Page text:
Step 1 – Rinse the Lettuce and Chop the Cucumbers, Tomatoes, and Garlic

Horizontal image of green butter lettuce on a towel.

Separate and rinse the lettuce leaves well to remove any dirt. Dry in a salad spinner to make sure your salad doesn’t become watered down with excess liquid. Gently tear into bite-size pieces.

Horizontal image of sliced cucumbers and tomatoes on a wooden cutting board.

Rinse the cucumber and tomatoes. Halve any smaller cherry tomatoes and slice the rest into thin rounds with a sharp knife and sturdy cutting board. Slice the cucumber into very thin rounds, and mince the garlic.

Step 2 – Make the Vinaigrette

Horizontal image of a whisk resting in a brown liquid mixture in a wooden bowl.

In the bottom of a large salad bowl, whisk together the oil, balsamic vinegar, mustard, garlic, Italian seasoning, salt, and pepper.

You can also prepare the vinaigrette in a separate bowl or container, and coat to your liking.

Step 3 – Add the Veggies to the Bowl and Toss to Combine

Horizontal image of a wooden bowl with lettuce, cucumbers, tomatoes, and sprouts.

Add the lettuce, tomatoes, cucumbers, and sprouts to the bowl and toss to combine, using tongs or your hands. Toss from the bottom of the bowl up, to make sure all of the veggies are lightly coated in the dressing.

Season to taste for additional salt, and then divide among bowls. Garnish with additional freshly cracked pepper if desired before serving.

Give Your Greens Some Life

Having a colorful, go-to salad you can throw together in minutes means never having to scramble for a side dish again.

Horizontal image of a white plate on a blue napkin and a wooden bowl with wooden utensils, both full of a colorful mix of vegetables, next to a bowl of tomatoes and a bowl of whole peppercorns.

No cucumbers or juicy tomatoes laying around? No worries! The best part about a “house salad” is being able to personalize your bowl – based on what’s in your kitchen, and your own favorite specialties.

Customize your glorious greens with whatever components make your stomach sing. Well, or whatever’s in your fridge. And if you don’t even have lettuce, no worries. Take a page out of the book of our Simple Tomato and Cucumber Salad, and make a delicious side dish with absolutely no greens.

Need even more salad inspiration? Try these healthy little numbers next:

What other simple vinaigrettes do you like to whisk up in your kitchen? Asian-inspired with toasted sesame oil and rice vinegar? Warm, cozy flavors like orange zest and maple? Share your must-have mixes in the comments below! And don’t forget to give this recipe a five-star rating if you loved it.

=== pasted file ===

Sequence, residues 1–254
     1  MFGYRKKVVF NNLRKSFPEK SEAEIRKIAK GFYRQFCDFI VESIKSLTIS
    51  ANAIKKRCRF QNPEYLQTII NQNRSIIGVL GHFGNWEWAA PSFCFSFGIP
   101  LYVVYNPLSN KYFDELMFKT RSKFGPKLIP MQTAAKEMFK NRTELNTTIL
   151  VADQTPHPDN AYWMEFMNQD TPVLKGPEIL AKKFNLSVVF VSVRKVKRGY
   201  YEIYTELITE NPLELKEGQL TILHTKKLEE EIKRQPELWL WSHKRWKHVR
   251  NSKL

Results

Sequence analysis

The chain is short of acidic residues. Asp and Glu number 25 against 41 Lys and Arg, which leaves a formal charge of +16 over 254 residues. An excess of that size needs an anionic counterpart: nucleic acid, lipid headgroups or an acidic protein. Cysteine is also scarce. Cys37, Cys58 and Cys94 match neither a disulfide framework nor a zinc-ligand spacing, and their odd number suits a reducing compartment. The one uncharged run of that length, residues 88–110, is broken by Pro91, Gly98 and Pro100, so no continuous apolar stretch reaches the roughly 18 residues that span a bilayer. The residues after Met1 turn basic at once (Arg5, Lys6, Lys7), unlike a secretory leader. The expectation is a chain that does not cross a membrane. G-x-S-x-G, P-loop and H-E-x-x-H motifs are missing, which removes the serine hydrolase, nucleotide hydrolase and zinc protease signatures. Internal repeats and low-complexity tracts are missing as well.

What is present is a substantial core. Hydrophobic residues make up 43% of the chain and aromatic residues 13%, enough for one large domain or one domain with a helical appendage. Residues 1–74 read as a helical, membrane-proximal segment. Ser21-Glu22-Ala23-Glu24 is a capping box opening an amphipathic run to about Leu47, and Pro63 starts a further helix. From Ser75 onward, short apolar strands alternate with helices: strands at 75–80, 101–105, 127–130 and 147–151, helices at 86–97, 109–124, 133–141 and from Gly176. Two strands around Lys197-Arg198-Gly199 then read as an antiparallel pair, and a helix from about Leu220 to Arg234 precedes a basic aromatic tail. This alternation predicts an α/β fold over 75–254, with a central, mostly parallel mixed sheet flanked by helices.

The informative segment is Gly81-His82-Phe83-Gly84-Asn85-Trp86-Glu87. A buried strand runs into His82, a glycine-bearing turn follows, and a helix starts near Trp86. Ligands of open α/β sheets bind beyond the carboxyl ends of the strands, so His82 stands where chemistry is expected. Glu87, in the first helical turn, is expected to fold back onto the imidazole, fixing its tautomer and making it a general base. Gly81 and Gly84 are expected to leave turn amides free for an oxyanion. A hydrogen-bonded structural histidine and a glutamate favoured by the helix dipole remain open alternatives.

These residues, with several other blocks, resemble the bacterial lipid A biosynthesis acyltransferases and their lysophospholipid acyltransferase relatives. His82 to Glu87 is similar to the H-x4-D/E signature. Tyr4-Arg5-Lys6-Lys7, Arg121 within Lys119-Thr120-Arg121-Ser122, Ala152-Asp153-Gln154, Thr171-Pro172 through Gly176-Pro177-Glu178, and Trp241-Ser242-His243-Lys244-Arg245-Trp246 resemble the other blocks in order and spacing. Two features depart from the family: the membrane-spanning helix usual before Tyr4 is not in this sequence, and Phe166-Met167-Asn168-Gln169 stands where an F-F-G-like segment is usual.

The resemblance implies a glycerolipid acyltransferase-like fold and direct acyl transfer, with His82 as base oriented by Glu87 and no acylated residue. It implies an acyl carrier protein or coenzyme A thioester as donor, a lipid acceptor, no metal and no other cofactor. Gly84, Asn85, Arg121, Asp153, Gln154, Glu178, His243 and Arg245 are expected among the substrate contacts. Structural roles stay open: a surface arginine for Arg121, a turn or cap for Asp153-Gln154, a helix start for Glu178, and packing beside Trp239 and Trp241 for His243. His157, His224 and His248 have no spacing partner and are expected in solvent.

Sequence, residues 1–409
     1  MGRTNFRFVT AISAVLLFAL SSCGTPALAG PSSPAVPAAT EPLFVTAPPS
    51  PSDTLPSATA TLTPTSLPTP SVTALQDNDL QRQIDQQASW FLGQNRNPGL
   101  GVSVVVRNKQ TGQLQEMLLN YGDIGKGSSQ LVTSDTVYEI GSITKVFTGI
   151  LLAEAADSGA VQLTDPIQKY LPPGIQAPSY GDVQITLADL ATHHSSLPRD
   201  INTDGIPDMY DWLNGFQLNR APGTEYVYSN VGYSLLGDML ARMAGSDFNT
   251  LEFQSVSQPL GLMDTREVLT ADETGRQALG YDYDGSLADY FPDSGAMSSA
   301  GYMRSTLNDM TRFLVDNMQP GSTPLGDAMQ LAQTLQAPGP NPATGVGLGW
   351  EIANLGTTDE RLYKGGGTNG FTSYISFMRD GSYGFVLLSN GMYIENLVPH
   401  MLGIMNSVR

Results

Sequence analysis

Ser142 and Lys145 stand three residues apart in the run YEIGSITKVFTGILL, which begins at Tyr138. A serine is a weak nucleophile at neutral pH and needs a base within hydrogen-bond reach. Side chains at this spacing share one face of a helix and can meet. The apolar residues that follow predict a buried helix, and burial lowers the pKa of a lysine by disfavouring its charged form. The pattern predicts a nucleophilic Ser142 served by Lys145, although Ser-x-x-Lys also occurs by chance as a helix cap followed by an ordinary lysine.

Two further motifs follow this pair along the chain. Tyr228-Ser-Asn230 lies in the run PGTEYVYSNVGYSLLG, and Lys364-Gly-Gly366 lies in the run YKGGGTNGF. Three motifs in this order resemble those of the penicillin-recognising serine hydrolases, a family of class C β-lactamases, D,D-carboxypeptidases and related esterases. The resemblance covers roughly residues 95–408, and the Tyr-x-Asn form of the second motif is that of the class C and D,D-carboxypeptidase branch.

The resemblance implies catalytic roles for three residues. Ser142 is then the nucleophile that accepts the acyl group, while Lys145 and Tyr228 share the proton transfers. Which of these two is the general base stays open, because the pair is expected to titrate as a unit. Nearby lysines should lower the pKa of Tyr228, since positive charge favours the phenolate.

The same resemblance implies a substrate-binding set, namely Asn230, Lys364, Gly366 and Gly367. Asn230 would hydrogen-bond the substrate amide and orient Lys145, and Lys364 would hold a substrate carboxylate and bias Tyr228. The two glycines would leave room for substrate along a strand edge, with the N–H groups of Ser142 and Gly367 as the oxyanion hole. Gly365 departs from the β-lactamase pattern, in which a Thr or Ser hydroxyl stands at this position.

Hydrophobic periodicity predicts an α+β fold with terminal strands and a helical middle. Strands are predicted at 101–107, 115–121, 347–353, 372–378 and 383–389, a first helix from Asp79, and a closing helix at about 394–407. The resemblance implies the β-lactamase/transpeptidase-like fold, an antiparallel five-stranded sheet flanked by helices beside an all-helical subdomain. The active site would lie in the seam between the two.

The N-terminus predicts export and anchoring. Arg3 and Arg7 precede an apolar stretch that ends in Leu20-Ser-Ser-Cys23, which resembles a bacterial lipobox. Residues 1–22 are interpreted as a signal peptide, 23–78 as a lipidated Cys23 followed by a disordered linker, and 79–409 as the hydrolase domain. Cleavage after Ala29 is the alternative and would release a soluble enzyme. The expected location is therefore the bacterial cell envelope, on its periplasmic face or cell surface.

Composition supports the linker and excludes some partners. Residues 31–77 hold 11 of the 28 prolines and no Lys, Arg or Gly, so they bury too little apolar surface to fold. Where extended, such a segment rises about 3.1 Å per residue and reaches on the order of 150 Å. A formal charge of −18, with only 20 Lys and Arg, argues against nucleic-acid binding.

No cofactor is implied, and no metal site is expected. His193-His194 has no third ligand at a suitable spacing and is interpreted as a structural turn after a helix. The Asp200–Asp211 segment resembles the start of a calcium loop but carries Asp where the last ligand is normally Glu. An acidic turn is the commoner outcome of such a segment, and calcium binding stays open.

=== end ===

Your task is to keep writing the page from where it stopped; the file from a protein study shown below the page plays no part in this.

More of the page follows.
Photos by Fanny Slater, © Ask the Experts, LLC. ALL RIGHTS RESERVED. See our TOS for more details. Originally published on May 24, 2013. Last updated April 15, 2020. With additional writing and editing by Fanny Slater and Allison Sidhu.

Nutritional information derived from a database of known generic and branded foods and ingredients and was not compiled by a registered dietitian or submitted for lab testing. It should be viewed as an approximation.

About Shanna Mallon

Shanna Mallon is a freelance writer who holds an MA in writing from DePaul University. Her work has been featured in a variety of media outlets, including The Kitchn, Better Homes & Gardens, Taste of Home,, Foodista, Entrepreneur, and Ragan PR. In 2014, she co-authored The Einkorn Cookbook with her husband, Tim. Today, you can find her digging into food topics and celebrating the everyday grace of eating on her blog, Go Eat Your Bread with Joy. Shanna lives in Nashville, Tennessee, with Tim and their two small kids.

22 thoughts on “House Salad with Cucumbers and Tomatoes”

  1. We never ate salad with dinner growing up. Or bread. There was the main dish, always with rice, often with a bowl of some other leftovers, sometimes a side of generously salted tomato wedges. A culture thing, I suppose — Filipino food doesn’t include traditional salads. Now, I eat salads mainly for lunch. Lately, mixed greens or butter lettuce with some kind of bean, radishes, avocado, whatever else I can find in the fridge, and a honey mustardy dressing. I like the idea of you guys having a house salad.